Mid-day Sun Disappears on Cloudless Day – Total Eclipse, 45 Years Ago

March 7th, 1970: Jeanne and I, now engaged, traveled to Virginia Beach, Va., to see a rare total eclipse of the sun, 

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We chose to drive down the Jersey Shore; across the Delaware Bay by ferry; through the sparsly populated Del-Mar-Va Peninsula; across the recently opened 17 mile Chesepeake Bay Bridge-Tunnel to Norfolk, and then over to Virginia Beach to be in the center of the several-mile wide “path of totality,” or shadow of the moon.

As the the partial phase began, hundreds of spectators were already in place with telescopes, cameras, and blankets! (The cold Atlantic Ocean is to the left.)12.044     3-7-70    Solar Exclipse Trip, Norfolk, Virginia._edited-1

Below: Using eye protection, viewers carefully watched as the moon slid across the sun, casting an eerie pale on the beach, which just a while earlier was bathed in brilliant sunshine. Note the twilight-like coloring near the horizon. This was about 1:00 PM12.048     3-7-70    Solar Exclipse Trip, Norfolk, Virginia._edited-1 - Version 2

Below: The moments before totality were enhanced by silence from usually gabby shorebirds.12.060     3-7-70    Solar Exclipse Trip, Norfolk, Virginia._edited-1

My equipment was laughable, and getting “text book” images was not to happen. But except for a slight double image, this was what appeared a second before totality – a pheneomena called Baily’s Beads, where the last rays of the sun pass through the mountain valleys and topography of the moon.12.061     3-7-70    Solar Exclipse Trip, Norfolk, Virginia._edited-1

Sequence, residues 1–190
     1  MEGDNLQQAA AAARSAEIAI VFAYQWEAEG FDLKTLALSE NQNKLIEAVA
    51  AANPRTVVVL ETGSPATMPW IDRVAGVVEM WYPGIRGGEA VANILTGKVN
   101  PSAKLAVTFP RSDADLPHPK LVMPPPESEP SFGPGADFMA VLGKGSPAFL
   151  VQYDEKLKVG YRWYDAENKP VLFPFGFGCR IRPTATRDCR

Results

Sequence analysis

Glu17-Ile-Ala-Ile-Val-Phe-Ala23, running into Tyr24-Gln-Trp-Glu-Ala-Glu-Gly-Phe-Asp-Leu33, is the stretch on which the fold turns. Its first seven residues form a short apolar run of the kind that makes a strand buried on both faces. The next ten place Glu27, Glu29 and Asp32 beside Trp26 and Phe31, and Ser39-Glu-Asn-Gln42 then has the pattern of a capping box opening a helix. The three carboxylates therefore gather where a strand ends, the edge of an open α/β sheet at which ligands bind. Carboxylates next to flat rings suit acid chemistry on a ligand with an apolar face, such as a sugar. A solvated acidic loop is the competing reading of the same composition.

The Corona, not ordinarily visible, is the plasma atmosphere of the sun. It is seen here with the sun totally blocked by the moon.12.064     3-7-70    Solar Exclipse Trip, Norfolk, Virginia._edited-1

Jeanne, tolerant of my varied and questionable interests, would put that to the test in the next few hours as restauranteurs did not anticipate the overwhelming flow of hungry travelers up the Eastern Shore later that afternoon. Finding a place to EAT was an unanticipated challenge.12.079     3-7-70    Solar Exclipse Trip, Norfolk, Virginia._edited-1

A 10x “finder scope” with Neutral Density filter strapped to an  EXA SLR – on a flimsy tripod proved interesting, but inadequate. It was only matched by my lack of experience in better capturing this event.  12.082     3-7-70    Solar Exclipse Trip, Norfolk, Virginia._edited-2

The filter needed to be removed for the total phase, which lasted an unusually long 3 minutes.

In a little under 24 hours, Jeanne and I drove about 800 miles in our 1967 MGB-GT to see the eclipse. Couldn’t get much better! 

12.086     3-14-70 Jersey City, MGB-GT and Jeanne, probable date_edited-1

Final Note: There are usually several total solar eclipses visible somewhere on earth every year, but the next one passing  along the Eastern US would be 54 years later, in…2024. A MAJOR correction here: 8/21/17 will see a TSE stretching across the US exiting off the South Carolina coast. 

Thanks for viewing, and comments are always welcomed. M 🙂